The Story
Julian in Gaul – Invasions of Franks and Alemanni

  • Franks invade and sack 45 cities in Gaul – sounds like old times – like the bad old times of the 200’s all over again
  • Julian sent to Gaul, learns to be a general. His ascetic, stoic, philosophic manner of life becomes the simple life of a soldier – but he is without experience, undermanned, and (apparently) doomed to fail. He laments “Oh Plato, Plato, What a life for a philosopher!”
  • He begins to gather friends about him (officer/philosopher Sallust (Sallustius))
    Julian’s Campaigns

  • 1st Campaign (356): with 300 archers – Constantius commands Julian to deliver the city of Autun – Julian gathers more troops from Rheims, attacks too soon, loses, advances to ruins of Cologne, winter-camps at Sens, is beseiged by Alemanni, but breaks the seige – Gaul/Germania still overrun by marauding Frank/Alemanni (356)
  • 2nd Campaign (357): Marcellus – Master General of Cavalry in Gaul stands aside, does nothing, allows Julian to struggle alonef at Sens over the winter (poss. from orders of Const.). Julian’s patroness (the wife of Constantius, Eusebia) intervenes and another friendly general (friendly to Julian that is) Severus replaces Marcellus as Master of Cavalry. Another general, Barbatio, advances from Milan with a sizeable force, but (on orders from Const?) does not help Julian, and eventually retreats back to Italy.
  • (2nd Campaign cont) Battle of Strasbourg (8-357). (Huge article in Wiki here and on 4th cent. warfare in general). Alemanni king Chnodomar with 6 kings underneath him and 35,000 men sets out to take out Julian and his 13,000 troops. Initially victorious, the Alemanni are trounced by Julian, and Chnodomar is sent back to Const. in chains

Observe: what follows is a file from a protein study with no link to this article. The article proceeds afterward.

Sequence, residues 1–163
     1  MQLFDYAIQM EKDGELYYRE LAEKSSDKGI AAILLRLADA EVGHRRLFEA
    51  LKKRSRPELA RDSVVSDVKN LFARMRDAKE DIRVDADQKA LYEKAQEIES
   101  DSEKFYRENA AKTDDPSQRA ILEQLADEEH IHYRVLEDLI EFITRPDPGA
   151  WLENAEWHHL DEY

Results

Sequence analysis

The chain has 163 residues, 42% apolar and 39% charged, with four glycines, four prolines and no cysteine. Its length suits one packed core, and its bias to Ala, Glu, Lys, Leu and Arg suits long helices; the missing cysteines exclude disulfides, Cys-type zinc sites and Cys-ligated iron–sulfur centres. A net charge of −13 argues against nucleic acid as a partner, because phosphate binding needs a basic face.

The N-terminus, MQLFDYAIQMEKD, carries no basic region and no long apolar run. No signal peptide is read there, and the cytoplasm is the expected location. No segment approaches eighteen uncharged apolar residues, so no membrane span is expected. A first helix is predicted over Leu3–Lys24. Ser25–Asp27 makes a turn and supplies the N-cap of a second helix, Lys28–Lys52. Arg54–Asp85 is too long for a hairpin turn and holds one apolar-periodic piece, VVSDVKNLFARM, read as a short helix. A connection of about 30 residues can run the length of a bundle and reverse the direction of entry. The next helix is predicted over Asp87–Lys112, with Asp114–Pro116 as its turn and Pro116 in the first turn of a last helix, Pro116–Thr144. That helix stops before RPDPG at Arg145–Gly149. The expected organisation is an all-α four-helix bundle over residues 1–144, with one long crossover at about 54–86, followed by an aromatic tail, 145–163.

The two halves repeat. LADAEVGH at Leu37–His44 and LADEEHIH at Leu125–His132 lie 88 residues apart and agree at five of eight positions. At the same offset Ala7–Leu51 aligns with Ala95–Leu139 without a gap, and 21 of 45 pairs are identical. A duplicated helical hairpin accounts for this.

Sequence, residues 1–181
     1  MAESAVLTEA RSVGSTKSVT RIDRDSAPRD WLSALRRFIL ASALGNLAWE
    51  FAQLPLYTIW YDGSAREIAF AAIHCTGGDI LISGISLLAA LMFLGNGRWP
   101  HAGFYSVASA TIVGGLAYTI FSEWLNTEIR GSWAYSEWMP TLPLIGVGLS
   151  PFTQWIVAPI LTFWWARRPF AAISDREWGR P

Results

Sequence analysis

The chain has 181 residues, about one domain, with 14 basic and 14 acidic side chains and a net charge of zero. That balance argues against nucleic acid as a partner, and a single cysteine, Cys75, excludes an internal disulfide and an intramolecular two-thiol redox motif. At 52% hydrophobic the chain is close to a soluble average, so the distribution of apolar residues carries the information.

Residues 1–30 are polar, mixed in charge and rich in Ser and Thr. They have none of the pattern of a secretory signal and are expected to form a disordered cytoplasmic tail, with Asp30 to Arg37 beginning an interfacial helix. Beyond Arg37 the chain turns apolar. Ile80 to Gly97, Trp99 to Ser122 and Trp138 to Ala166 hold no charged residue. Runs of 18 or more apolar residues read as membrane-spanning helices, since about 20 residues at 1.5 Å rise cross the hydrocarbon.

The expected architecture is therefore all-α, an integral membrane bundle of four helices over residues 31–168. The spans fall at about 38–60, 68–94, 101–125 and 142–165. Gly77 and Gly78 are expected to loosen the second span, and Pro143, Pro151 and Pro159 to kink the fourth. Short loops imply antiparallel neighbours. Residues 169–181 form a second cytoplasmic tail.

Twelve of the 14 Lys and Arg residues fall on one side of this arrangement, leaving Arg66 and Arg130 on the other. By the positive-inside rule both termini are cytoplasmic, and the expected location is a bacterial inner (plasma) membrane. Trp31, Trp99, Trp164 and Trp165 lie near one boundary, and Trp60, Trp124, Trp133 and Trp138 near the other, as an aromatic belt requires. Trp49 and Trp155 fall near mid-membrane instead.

• 3rd Campaign (358). Against the massive Frankish invasion of northern Gaul, Julian beseiges a fortress (Meuse) for 54 days, takes it, then rapidly moves across the countryside harassing and outracing his own supply lines in a very un-roman-like way. He forces the Franks to retreat to their own homeland again
  • Campaigns beyond the Rhine (during 1st, 2nd, 3rd Campaigns) (356,357,358). Wanting to outdo Caesar 400 years earlier (who harried the barbarians across the Rhine 2 times), Julian makes forays, ransacking 10-20 miles across the Rhine into German territory 3 times in 3 years.
  • Movie Poster for Jule and Julia - one of the major influences in getting me started writing this blog - and I suppose a mark of how easily influenced I am in a fundamental way by mass media

    Blu-Ray Disc Cover for Julie and Julia - one of the major influences in getting me started writing this blog - and I suppose a mark of how easily influenced I am in a fundamental way by mass media

    Movie Poster for The Yes Man  - yet another major cinematic influence that <em>changed</em> my life in 2009.  Just call me <em>media-malleable-Ken</em>

    Blu Ray Disc Cover for The Yes Man - yet another major cinematic influence that changed my life in 2009. Just call me media-malleable-Ken